What Could Go Wrong?

What could go wrong when we drill so deep that immediate response to a disaster becomes virtually impossible? The Deepwater Horizon for one, and this.

A deepwater rig in the North Sea off the coast of Scotland suffered a blowout five days ago, and is uncontrollably leaking natural gas in what experts fear is an “explosion waiting to happen.” “Relief drilling would take six months and require boring through 4 kilometers of rock with painstaking precision in order to intercept the gas pocket, one engineer said.” “All 238 staff were evacuated from the Elgin platform after the gas leak was discovered on Sunday afternoon. Shell is also removing workers from two offshore installations close to the Elgin platform,” the Guardian reports.

“Relief drilling would take six months and require boring through 4 kilometers of rock with painstaking precision.”

That sounds awfully familiar, doesn’t it? Too familiar.

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  • atlavely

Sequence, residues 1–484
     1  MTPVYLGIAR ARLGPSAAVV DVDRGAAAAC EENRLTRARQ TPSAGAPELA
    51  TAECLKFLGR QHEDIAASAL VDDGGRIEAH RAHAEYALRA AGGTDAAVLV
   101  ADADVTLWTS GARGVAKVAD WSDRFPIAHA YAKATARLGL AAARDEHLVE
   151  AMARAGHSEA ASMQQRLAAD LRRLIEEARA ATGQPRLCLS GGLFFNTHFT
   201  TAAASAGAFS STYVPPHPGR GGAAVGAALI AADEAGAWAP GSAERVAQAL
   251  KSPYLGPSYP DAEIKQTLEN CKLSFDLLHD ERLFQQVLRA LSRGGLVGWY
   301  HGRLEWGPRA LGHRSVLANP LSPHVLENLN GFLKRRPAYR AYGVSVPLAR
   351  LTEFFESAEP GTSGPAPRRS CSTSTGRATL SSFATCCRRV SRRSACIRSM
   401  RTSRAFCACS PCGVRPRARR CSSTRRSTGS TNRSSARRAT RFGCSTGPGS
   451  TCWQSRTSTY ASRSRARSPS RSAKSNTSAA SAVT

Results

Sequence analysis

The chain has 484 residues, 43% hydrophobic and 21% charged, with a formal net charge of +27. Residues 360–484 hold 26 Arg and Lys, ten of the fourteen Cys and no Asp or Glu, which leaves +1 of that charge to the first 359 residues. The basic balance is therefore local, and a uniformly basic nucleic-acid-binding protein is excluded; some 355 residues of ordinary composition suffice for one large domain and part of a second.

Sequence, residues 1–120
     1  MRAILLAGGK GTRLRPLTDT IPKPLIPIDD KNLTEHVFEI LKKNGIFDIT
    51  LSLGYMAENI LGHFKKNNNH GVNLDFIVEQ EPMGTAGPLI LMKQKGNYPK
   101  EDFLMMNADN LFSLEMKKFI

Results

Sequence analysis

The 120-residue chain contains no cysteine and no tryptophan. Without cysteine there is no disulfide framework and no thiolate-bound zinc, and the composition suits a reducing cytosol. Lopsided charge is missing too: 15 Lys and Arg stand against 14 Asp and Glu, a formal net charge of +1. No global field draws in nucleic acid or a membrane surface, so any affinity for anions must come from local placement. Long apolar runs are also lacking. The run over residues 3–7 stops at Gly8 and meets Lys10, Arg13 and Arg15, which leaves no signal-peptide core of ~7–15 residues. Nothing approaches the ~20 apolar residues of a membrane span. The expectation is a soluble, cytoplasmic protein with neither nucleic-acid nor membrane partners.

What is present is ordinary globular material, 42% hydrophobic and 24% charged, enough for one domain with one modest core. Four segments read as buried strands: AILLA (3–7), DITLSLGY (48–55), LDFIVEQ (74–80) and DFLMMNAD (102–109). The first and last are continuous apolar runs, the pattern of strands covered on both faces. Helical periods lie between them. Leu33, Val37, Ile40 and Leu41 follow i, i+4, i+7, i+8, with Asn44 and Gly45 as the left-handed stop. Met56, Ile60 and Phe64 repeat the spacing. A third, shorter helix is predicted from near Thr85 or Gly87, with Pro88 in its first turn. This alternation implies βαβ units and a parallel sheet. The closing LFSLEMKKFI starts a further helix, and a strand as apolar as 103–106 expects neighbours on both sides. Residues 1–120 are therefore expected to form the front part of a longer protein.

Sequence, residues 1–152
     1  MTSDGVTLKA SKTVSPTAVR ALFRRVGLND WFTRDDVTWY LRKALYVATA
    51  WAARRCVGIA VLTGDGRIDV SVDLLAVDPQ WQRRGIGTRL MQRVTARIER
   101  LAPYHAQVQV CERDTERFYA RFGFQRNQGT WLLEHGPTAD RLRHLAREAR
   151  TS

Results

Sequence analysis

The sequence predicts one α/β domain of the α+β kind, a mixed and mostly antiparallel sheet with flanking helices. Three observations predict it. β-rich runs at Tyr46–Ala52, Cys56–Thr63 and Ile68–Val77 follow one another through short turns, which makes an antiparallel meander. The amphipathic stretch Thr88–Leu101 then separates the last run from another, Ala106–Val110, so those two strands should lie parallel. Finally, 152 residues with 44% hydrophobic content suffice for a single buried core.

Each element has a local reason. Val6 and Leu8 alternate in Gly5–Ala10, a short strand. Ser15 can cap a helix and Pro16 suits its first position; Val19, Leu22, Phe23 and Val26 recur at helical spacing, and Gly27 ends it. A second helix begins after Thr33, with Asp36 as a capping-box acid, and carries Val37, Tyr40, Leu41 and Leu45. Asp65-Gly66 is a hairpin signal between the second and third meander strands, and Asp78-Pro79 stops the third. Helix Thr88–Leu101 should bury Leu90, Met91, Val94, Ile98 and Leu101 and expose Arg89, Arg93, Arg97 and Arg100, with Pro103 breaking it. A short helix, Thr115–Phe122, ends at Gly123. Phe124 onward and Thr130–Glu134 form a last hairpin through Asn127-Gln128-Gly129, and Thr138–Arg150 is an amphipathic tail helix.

Drill, Baby, Drill!

  • muselet

    Second verse, same as the first. Reuters:

    In the first process, [French oil company] Total will inject drilling mud to “kill” the well using the weight of the mud to stop the gas flow, but is potentially dangerous given that it would require workers to return to the wellhead platform.

    The second process – safer, but slower and costly – involves digging two relief wells, which could take six months and cost up to $3 billion.

    […]

    A senior union official said on Friday that Total had repeatedly assured workers a leak was impossible until just hours before evacuating them.

    “… Where nothing can possibly go worng!”

    –alopecia